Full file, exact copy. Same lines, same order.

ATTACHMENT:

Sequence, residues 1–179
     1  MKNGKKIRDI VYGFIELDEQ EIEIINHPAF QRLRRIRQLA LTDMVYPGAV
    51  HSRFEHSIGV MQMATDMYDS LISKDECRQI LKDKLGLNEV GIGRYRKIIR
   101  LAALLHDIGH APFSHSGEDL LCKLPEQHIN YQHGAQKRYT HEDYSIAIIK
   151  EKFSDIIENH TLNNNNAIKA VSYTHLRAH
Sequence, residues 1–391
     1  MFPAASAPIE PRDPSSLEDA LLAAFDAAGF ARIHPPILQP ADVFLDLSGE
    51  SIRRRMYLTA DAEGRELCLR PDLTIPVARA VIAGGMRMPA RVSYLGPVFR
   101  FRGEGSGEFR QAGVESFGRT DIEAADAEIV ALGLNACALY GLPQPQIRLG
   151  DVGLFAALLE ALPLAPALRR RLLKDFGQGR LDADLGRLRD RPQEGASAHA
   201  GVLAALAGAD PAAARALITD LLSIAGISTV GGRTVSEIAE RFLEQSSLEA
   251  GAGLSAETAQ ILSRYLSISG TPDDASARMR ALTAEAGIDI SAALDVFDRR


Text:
Sequence, residues 1–179
     1  MKNGKKIRDI VYGFIELDEQ EIEIINHPAF QRLRRIRQLA LTDMVYPGAV
    51  HSRFEHSIGV MQMATDMYDS LISKDECRQI LKDKLGLNEV GIGRYRKIIR
   101  LAALLHDIGH APFSHSGEDL LCKLPEQHIN YQHGAQKRYT HEDYSIAIIK
   151  EKFSDIIENH TLNNNNAIKA VSYTHLRAH
Sequence, residues 1–391
     1  MFPAASAPIE PRDPSSLEDA LLAAFDAAGF ARIHPPILQP ADVFLDLSGE
    51  SIRRRMYLTA DAEGRELCLR PDLTIPVARA VIAGGMRMPA RVSYLGPVFR
   101  FRGEGSGEFR QAGVESFGRT DIEAADAEIV ALGLNACALY GLPQPQIRLG
   151  DVGLFAALLE ALPLAPALRR RLLKDFGQGR LDADLGRLRD RPQEGASAHA
   201  GVLAALAGAD PAAARALITD LLSIAGISTV GGRTVSEIAE RFLEQSSLEA
   251  GAGLSAETAQ ILSRYLSISG TPDDASARMR ALTAEAGIDI SAALDVFDRR